This is the backdrop to my new Poppy Denby Investigates book: The Cairo Brief. An ancient death mask of the Egyptian queen Nefertiti is up for auction in London. Representatives from some of the world’s leading museums are there to bid for the mask, but so are two people from the Cairo Museum, claiming the mask was stolen and should not be up for sale at all. When one of the auction party is murdered, our intrepid sleuth sets about finding out not only who dunnit, but also how the mask came to be in London in the first place.

As part of my research for writing the book I did a short online course in art and antiquities theft, with the University of Glasgow (Future Learn). I learned about subsistence looting where local people consider ancient artefacts fair game to earn a living. I also learned about some of the convoluted routes that were taken to ‘launder’ artefacts so that when they got to the West they appeared to have come through legitimate channels.

I then went on to do further reading into some of the more controversial antiquities held in Western museums. One of these is the Bust of Nefertiti at the Egyptian Museum of Berlin. This was found by a German archaeologist called Ludwig Borchardt in 1912 and was the springboard for my story in The Cairo Brief. The mask in my story is fictional, but the Borchardt bust of Nefertiti is the real thing. However, up until this day, it is said that the bust was stolen by the Germans and the Egyptians want it back.

Just last year there was a high profile case in America of a Christian arts and crafts chain called Hobby Lobby that was found to have illegally acquired Iraqi artefacts (over 5,000 of them!). They were fined $3million and had to return all the artefacts. The company claimed they were unaware of all the regulations and procedures, but the US Department of Justice said that they had gone ahead with the purchase despite being warned that it may not all be above board.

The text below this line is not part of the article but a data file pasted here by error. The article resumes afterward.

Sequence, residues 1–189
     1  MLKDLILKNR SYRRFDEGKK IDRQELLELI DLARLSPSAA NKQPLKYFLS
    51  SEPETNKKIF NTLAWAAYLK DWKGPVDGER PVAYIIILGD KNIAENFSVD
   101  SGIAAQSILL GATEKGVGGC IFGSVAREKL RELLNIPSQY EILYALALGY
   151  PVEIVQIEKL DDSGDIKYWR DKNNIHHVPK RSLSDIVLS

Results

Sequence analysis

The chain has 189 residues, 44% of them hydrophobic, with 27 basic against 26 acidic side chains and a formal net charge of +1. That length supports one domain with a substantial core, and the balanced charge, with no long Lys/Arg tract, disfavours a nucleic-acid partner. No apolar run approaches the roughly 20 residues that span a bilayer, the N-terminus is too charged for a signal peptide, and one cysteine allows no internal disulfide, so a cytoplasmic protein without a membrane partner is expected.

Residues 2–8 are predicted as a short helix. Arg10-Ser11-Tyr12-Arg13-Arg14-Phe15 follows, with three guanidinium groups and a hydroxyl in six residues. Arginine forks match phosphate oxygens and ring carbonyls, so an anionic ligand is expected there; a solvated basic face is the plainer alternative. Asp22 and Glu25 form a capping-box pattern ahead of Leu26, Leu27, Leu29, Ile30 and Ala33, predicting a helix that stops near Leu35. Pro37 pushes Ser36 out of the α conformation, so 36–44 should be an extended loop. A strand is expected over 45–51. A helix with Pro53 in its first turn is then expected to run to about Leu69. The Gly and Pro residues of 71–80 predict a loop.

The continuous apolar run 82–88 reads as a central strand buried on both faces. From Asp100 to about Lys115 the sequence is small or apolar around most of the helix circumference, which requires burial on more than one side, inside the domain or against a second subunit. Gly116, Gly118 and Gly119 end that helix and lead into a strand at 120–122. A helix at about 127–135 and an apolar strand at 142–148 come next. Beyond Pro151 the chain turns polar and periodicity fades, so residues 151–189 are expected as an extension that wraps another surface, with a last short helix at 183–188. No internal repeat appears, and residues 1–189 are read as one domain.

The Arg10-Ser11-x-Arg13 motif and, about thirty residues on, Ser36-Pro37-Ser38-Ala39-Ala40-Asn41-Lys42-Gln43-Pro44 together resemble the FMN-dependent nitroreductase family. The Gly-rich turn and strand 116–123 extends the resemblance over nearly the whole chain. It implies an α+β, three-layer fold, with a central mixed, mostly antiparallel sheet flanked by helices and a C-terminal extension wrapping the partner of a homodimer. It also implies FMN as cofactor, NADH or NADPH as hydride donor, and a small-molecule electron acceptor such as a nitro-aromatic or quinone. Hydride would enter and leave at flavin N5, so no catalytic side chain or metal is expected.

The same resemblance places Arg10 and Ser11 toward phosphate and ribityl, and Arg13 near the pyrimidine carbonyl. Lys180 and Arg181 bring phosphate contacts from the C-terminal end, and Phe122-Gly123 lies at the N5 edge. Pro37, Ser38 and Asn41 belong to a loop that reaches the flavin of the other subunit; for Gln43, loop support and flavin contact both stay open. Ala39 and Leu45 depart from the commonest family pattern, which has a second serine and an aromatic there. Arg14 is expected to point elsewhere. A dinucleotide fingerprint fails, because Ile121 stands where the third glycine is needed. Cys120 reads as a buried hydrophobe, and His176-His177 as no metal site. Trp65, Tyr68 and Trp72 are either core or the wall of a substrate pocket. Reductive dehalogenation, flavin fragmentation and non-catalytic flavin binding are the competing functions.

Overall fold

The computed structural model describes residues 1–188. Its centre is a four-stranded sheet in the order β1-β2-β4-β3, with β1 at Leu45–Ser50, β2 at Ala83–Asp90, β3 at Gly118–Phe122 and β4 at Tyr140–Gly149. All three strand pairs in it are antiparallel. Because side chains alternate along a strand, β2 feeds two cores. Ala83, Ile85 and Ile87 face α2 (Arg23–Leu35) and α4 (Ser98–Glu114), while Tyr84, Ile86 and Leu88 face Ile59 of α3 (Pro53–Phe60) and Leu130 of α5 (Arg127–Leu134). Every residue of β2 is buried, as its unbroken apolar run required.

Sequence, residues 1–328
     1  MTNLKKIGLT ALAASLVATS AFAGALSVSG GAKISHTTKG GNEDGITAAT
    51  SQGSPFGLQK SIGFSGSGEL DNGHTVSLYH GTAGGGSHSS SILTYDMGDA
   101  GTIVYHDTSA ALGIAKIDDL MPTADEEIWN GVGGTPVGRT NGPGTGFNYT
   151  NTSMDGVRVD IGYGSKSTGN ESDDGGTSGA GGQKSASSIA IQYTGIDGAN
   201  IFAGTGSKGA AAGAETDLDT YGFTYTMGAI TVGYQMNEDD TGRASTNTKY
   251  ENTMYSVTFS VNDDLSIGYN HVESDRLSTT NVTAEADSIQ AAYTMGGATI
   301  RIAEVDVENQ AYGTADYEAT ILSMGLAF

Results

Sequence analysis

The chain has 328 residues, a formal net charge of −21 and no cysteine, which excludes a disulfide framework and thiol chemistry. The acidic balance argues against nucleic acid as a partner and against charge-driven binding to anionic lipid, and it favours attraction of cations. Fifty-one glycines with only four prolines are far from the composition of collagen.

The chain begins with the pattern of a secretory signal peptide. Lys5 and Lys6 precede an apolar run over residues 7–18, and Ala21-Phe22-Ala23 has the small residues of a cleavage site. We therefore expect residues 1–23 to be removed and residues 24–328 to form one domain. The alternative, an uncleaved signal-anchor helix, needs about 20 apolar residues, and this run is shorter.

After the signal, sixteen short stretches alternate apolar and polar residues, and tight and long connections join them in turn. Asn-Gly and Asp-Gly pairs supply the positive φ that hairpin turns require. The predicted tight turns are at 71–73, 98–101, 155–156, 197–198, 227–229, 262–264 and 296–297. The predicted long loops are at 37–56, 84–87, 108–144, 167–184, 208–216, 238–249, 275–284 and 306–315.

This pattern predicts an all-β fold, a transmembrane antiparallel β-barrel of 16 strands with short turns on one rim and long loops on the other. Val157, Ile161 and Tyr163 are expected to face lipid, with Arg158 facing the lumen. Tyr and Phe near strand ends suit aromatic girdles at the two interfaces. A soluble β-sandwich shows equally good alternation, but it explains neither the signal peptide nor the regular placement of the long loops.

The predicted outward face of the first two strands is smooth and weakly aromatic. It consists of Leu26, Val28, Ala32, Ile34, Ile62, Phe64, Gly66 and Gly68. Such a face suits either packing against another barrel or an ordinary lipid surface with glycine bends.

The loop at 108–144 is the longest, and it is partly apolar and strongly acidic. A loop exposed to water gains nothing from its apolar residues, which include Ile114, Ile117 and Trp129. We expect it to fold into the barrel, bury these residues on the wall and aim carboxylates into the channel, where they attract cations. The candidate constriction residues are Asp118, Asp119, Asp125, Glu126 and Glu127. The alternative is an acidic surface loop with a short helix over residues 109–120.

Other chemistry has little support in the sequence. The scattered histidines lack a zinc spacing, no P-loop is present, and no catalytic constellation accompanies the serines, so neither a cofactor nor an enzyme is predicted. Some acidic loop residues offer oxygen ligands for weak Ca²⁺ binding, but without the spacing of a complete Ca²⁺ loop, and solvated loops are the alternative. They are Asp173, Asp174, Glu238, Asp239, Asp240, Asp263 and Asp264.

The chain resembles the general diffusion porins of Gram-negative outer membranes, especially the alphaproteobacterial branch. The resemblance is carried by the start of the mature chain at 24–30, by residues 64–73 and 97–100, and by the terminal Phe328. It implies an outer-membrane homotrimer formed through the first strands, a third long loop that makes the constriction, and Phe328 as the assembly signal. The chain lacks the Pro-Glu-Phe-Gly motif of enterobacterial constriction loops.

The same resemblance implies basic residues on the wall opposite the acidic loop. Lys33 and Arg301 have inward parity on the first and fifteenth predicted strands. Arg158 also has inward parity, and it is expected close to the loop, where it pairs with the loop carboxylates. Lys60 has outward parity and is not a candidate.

And then today, just as I was preparing to write this article, I read that a delegation from Easter Island have come to London to beg the British Museum to return one of their statues that was stolen in 1868. It’s a heartrending tale in which the leader of the delegation tearfully told the director of the British Museum: ‘you have our soul’. They have offered to make a replica of the statue, free of charge, in return for the original that is not to the people of the island simply a piece of art, but a part of their national psyche. I will watch this case with interest.

“Twenty thousand pounds! Is that the final offer from New York? Dr Mortimer? Herr Stein? No? All right then, for twenty thousand pounds the death mask of Nefertiti is going… going… gone!” Albert Carnaby, auctioneer in The Cairo Brief.

1-5Fiona Veitch Smith is a writer and university lecturer, based in Newcastle upon Tyne. Her 1920s mystery novel The Jazz Files, the first in the Poppy Denby Investigates Series (Lion Fiction), was shortlisted for the CWA Historical Dagger award in 2016. The second book, The Kill Fee, was a finalist for the Foreword Review mystery novel of the year 2016/17. Book four in the series, The Cairo Brief, has been shortlisted for the People’s Book Prize. For more on the series visit www.poppydenby.com

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Many thanks to Fiona for such an interesting article and some great links.

Thank you so much also to Rhoda Hardie for inviting me to take part in this blog tour.  I can’t wait to catch up on the previous three Poppy Denby mysteries.

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Adult Fiction, Crime, Science Fiction, Thriller

The Psychology of Time Travel by Kate Mascarenhas

I thoroughly enjoyed reading a sampler of this time travelling thriller; it kept me guessing throughout and left me on a knife edge wondering how it will end.

Psychology of time travel1967: Four female scientists invent a time-travel machine. They are on the cusp of fame: the pioneers who opened the world to new possibilities. But then one of them suffers a breakdown and puts the whole project in peril…

2017: Ruby knows her beloved Granny Bee was a pioneer, but they never talk about the past. Though time travel is now big business, Bee has never been part of it. Then they receive a message from the future – a newspaper clipping reporting the mysterious death of an elderly lady…

2018: When Odette discovered the body she went into shock. Blood everywhere, bullet wounds, flesh. But when the inquest fails to answer any of her questions, Odette is frustrated. Who is this dead woman that haunts her dreams? And why is everyone determined to cover up her murder?